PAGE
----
Couplet in running-standard script

Artist: Wu Yun (1811-1883)
Historical period(s)
Qing dynasty, mid- to late 19th century
Pair of hanging scrolls; ink on woodblock-printed paper
H x W (image, each): 124.5 x 30.6 cm (49 x 12 1/16 in)
Credit Line
Gift of Robert Hatfield Ellsworth in honor of the 75th Anniversary of the Freer Gallery of Art
Freer Gallery of Art
Accession Number
On View Location
Currently not on view

Hanging scrolls (pair)

China, couplet, Qing dynasty (1644 - 1911), Robert Hatfield Ellsworth collection, running-standard script

To 1997
Robert Hatfield Ellsworth (born 1929), New York City, to 1997

From 1997
Freer Gallery of Art, given by Robert Hatfield Ellsworth in 1997 [1]


[1] The total gift from the Ellsworth collection consists of nearly three-hundred objects (F1997.42-.85 and F1998.83-294). All Chinese calligraphy in the proposed gift were published in Mr. Ellsworth's Later Chinese Painting and Calligraphy: 1800-1950 vol. 3 (New York: Random House, 1986) (see Curatorial Note 2, Joseph Chang and Stephen D. Allee, May 19, 1998, in the object record).

Previous Owner(s) and Custodian(s)

Robert Hatfield Ellsworth 1929-2014


I shall forever protect the ancient bronzes in my possession,
Carefully store the famous calligraphy and paintings I own.

Wu Yun is known primarily as a scholar, collector, and celebrated connoisseur of antiquities. His vast collections contained ancient bronzes and seals, painting and calligraphy, as well as rubbings and rare books. The various objects in his collection were dispersed after his death and many can be found in Western collections, including the Freer Gallery of Art. Wu Yun was also a painter and calligrapher of some note, and served as a patron to many prominent scholars and artists, particularly those of the Stele School, who shared his passion for ancient epigraphy. Most published examples of Wu Yun's writing were rendered either in clerical script or running script, as here, in which he often followed the style of the Tang dynasty master Yan Zhenqing (709-785). Adhering mainly to the model-letters tradition, Wu generally strove for elegance and decorum in his calligraphy. Addressing Wu's interests as a collector, this couplet is typical of his writing in both content and style.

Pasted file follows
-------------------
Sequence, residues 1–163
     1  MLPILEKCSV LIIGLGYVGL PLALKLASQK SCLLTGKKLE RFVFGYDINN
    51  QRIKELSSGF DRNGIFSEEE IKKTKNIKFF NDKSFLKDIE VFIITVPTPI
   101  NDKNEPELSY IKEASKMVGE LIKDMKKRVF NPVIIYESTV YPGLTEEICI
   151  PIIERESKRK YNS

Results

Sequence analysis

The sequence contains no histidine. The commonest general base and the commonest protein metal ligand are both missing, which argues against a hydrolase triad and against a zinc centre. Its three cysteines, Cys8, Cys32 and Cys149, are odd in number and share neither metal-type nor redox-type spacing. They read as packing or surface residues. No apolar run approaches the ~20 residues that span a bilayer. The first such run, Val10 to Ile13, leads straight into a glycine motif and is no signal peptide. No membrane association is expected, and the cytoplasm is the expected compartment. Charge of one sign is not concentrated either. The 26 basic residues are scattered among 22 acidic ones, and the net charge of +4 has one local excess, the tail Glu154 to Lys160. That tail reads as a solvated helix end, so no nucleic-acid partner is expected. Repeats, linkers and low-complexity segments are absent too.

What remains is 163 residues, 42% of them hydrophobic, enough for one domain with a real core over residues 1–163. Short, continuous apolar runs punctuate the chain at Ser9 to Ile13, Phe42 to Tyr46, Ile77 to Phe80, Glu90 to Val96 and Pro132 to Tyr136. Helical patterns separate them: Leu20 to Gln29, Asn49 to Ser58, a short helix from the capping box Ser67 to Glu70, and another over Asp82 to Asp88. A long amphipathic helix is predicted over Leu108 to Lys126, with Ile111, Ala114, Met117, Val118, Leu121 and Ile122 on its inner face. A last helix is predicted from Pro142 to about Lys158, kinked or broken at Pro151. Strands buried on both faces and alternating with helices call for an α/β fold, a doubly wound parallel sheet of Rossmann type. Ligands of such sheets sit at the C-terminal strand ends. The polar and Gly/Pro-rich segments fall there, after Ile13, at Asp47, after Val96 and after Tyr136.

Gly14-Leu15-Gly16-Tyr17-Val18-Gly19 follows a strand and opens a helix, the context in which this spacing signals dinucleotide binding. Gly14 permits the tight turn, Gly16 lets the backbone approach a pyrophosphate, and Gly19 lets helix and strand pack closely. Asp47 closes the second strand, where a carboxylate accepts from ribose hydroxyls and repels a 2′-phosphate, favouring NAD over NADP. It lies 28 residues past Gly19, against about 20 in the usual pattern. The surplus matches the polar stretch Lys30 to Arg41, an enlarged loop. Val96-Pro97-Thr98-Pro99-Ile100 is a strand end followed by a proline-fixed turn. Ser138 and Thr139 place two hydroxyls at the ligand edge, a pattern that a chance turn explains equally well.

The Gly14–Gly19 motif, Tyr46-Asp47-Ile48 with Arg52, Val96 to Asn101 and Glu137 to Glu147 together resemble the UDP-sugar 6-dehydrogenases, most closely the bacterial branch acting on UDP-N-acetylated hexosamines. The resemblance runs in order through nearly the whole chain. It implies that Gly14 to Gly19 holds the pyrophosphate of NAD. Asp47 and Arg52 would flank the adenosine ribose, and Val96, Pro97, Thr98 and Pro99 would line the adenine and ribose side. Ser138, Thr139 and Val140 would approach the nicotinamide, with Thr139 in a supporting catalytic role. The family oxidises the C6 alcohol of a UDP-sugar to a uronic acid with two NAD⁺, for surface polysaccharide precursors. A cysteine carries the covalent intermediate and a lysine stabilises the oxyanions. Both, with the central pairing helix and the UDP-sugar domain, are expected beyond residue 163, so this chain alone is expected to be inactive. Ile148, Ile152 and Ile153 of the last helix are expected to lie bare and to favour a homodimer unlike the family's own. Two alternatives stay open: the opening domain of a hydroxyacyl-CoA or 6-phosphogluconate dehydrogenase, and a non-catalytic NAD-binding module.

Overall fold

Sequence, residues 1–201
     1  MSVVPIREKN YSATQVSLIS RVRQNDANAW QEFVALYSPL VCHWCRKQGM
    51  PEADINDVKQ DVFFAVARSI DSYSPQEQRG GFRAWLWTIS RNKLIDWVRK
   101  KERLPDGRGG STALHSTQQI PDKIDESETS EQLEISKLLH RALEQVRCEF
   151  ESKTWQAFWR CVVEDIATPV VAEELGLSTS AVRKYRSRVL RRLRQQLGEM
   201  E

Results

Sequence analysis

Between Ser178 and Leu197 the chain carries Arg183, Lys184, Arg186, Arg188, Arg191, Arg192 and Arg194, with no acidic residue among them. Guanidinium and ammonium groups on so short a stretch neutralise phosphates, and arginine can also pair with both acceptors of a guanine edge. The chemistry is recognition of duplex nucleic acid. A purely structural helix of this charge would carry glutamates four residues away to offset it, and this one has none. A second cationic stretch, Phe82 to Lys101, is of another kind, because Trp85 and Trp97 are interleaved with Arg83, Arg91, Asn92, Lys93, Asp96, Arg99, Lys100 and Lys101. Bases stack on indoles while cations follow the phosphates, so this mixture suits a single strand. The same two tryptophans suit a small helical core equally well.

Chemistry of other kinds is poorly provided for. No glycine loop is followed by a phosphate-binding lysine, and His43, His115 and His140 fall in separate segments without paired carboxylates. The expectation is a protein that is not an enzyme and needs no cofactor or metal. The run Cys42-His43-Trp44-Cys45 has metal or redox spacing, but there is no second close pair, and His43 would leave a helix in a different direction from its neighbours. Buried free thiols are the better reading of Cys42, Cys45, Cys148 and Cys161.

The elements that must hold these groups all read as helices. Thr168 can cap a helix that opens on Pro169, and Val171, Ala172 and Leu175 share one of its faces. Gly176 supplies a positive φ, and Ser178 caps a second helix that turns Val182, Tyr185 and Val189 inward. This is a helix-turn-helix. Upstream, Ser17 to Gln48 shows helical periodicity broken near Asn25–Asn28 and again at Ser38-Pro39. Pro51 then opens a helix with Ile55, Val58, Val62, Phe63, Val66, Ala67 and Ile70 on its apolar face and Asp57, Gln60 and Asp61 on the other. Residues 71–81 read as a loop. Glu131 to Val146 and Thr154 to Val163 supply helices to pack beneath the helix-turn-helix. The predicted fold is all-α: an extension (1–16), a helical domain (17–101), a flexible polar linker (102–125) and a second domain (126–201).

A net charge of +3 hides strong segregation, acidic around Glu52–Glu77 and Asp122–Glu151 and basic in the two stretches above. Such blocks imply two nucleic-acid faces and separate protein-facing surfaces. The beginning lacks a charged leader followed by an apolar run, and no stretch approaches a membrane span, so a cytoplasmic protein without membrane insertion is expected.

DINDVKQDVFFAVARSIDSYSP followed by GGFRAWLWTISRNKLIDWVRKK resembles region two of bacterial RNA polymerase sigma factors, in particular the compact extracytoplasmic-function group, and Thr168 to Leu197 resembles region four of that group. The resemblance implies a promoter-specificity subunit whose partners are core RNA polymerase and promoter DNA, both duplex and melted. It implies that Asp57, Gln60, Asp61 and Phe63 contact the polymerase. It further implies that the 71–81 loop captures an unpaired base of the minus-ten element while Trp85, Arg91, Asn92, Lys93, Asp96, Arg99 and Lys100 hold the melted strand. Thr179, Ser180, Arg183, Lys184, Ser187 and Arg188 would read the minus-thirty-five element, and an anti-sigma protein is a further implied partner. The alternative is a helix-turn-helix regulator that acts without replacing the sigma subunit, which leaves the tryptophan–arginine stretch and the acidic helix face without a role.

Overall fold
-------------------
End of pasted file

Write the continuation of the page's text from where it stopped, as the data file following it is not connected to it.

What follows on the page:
A wealthy native of Gui'an, in Zhejiang Province, Wu Yun passed the provincial examinations and started his official career in 1844 in the offices of the prefect of Suzhou. Soon after, he was made district magistrate of Baoshan for two terms. In 1858, he became prefect of Zhenjiang, on the Yangtze river in Jiangsu Province, and the following year prefect of nearby Suzhou. At the time, the area was suffering from the depredations of the Taiping rebels, who captured Suzhou during Wu Yun's temporary absence in Shanghai, where he was engaged in negotiations with the Western powers for military aid. Blamed for losing the city, he was later exonerated and participated in organizing the defense of Shanghai. In all, he served as prefect of Suzhou for some three years, after which he retired for good from public office and devoted himself to his collections.

Published References
  • Robert Hatfield Ellsworth. Later Chinese Painting and Calligraphy: 1800-1950., 1st ed. New York. vols. 1, 3: pp. 276, 73.
  • Thomas Lawton, Joseph Chang, Stephen Allee. Brushing the Past: Later Chinese Calligraphy from the Gift of Robert Haftield Ellsworth. Exh. cat. Washington. cat. 17, pp. 114-15, 136.
  • Thomas Lawton, Thomas W. Lentz. Beyond the Legacy: Anniversary Acquisitions for the Freer Gallery of Art and the Arthur M. Sackler Gallery. vol. 1 Washington, 1998. pp. 256-261.
Collection Area(s)
Chinese Art
Web Resources
Google Cultural Institute
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